For example, if you’ve recently completed several big jobs for several clients, you might be expecting a big payday. Your bills, however, don’t wait for accounts receivable. In cases of cash flow issues like these, you can use your line of credit to get the funds to pay your bills. Then, when you get that accounts receivable windfall, you can use it to pay back your LOC.
But that’s just one of the many ways you can use an LOC to supplement your cash flow. You can also use it for purposes like these:
- Make payroll
- Handle surprise repairs and replacements
- Purchase inventory or supplies
- Ride out seasonal revenue shifts
- Take advantage of limited-time opportunities
Just remember, reserve your line of credit for your short-term credit needs to cover gaps in cash flow.
For small, day-to-day expenses (think staplers, break room snacks, and team swag), you’re better off using a business credit card. For big, long-term expenses (like real estate or fleet expansion), you’ll want a term loan.
Keep in mind that the kind of short-term expenses you’ll want a line of credit for often come up unexpectedly. Nobody plans for their cappuccino machine to explode or for their competitor to have a jaw-dropping going-out-of-business sale.
That’s why you shouldn’t wait until you already have cash flow needs to start looking at lenders. Get a line of credit before you need it. That way, you won’t find yourself up a creek without a cash advance.
Aside from use as a short-term credit solution, a business line of credit helps build your business credit. Simply use your line of credit, then promptly pay it off. You’ll build a solid credit history, which will help you avoid future difficulties getting a loan with bad credit.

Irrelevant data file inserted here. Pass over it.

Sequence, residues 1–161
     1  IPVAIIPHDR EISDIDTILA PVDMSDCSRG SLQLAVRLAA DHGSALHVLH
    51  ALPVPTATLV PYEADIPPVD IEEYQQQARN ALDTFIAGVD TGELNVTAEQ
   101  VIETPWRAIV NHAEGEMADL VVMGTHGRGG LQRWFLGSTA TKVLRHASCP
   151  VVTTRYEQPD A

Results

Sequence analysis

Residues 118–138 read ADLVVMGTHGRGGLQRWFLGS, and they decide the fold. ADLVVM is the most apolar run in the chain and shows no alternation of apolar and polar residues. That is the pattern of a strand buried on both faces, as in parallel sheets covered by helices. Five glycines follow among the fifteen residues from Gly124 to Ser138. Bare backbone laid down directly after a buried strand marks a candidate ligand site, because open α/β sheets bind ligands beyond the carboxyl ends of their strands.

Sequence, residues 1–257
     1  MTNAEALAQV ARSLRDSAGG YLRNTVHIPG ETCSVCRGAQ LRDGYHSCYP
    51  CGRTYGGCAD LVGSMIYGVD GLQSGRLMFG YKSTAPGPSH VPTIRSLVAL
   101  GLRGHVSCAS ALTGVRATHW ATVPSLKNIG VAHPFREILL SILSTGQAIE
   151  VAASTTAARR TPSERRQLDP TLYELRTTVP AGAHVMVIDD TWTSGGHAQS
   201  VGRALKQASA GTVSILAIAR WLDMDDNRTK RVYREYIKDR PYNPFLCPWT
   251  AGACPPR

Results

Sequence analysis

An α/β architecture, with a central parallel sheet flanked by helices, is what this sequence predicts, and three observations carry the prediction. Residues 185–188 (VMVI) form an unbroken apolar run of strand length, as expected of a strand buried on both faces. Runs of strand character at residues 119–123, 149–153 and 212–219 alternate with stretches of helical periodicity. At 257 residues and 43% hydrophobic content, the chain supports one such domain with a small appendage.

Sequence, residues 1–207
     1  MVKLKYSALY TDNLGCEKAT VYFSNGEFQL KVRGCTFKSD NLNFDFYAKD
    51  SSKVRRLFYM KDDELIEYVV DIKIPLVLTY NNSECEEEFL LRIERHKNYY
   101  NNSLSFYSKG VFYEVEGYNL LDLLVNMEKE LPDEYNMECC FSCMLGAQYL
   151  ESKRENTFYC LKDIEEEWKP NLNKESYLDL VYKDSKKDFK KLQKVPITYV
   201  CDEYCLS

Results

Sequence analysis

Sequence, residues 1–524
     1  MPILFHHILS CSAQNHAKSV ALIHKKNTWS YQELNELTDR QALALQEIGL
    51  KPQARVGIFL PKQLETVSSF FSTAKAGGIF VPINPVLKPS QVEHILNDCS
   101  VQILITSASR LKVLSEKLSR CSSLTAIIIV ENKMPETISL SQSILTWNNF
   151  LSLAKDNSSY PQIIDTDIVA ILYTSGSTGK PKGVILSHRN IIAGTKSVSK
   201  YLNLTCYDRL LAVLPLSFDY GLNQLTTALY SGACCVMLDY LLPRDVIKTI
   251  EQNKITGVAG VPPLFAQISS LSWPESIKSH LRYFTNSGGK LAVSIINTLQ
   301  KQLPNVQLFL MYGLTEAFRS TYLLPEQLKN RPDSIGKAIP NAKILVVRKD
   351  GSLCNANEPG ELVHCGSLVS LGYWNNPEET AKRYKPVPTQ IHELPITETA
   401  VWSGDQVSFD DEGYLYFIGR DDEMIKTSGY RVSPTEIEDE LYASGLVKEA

According to the U.S. Small Business Administration, building business credit can boost your company’s value, increase future credit opportunities, and keep your personal credit score safe.2
Rates, terms, and fees you should know
There are two primary categories of lenders for business lines of credit: traditional banks and online lenders. Traditional banks often offer more appealing conditions—lower APRs, longer terms, and higher limits—but young businesses may struggle to meet their more stringent application criteria.
Regardless of who you use as a lender, don’t sign up for a line of credit without knowing all the important details. You’ll want to pay particular attention to credit limits, interest rates, term length, and additional fees. These will vary from lender to lender, but we provide some rough estimates below.
Popular online lenders offer lines of credit that range from $2,000 to $250,000. Banks offer significantly larger lines of credit, but again, those will be harder to qualify for.
You can think of APR (annual percentage rate) as your interest rate plus everything else—transaction fees, loan origination fees, late penalties, and pretty much any other costs. While an interest rate only reflects, well, interest, an APR should better reflect your actual yearly cost by factoring in your interest rate and those other fees.
Online lenders offer an APR from as low as 9% to as high as 99%, though typical rates range from 20% to 40%. You’ll generally find lower APRs at a traditional bank—often between 5% and 13%.
Terms for a line of credit from an online lender can be as short as 12 weeks or as long as 36 months. Terms between 6 and 12 months are most common. Traditional banks offer longer terms ranging from one to five years.
A business line of credit may come with other fees, such as an opening fee for the account. Most lines will have an annual fee. Some lines have a small cash advance fee. And some even have a monthly maintenance fee for unused lines. These fees will, of course, depend on your lender. Be sure you understand your fees and all conditions before signing.
How to get a business line of credit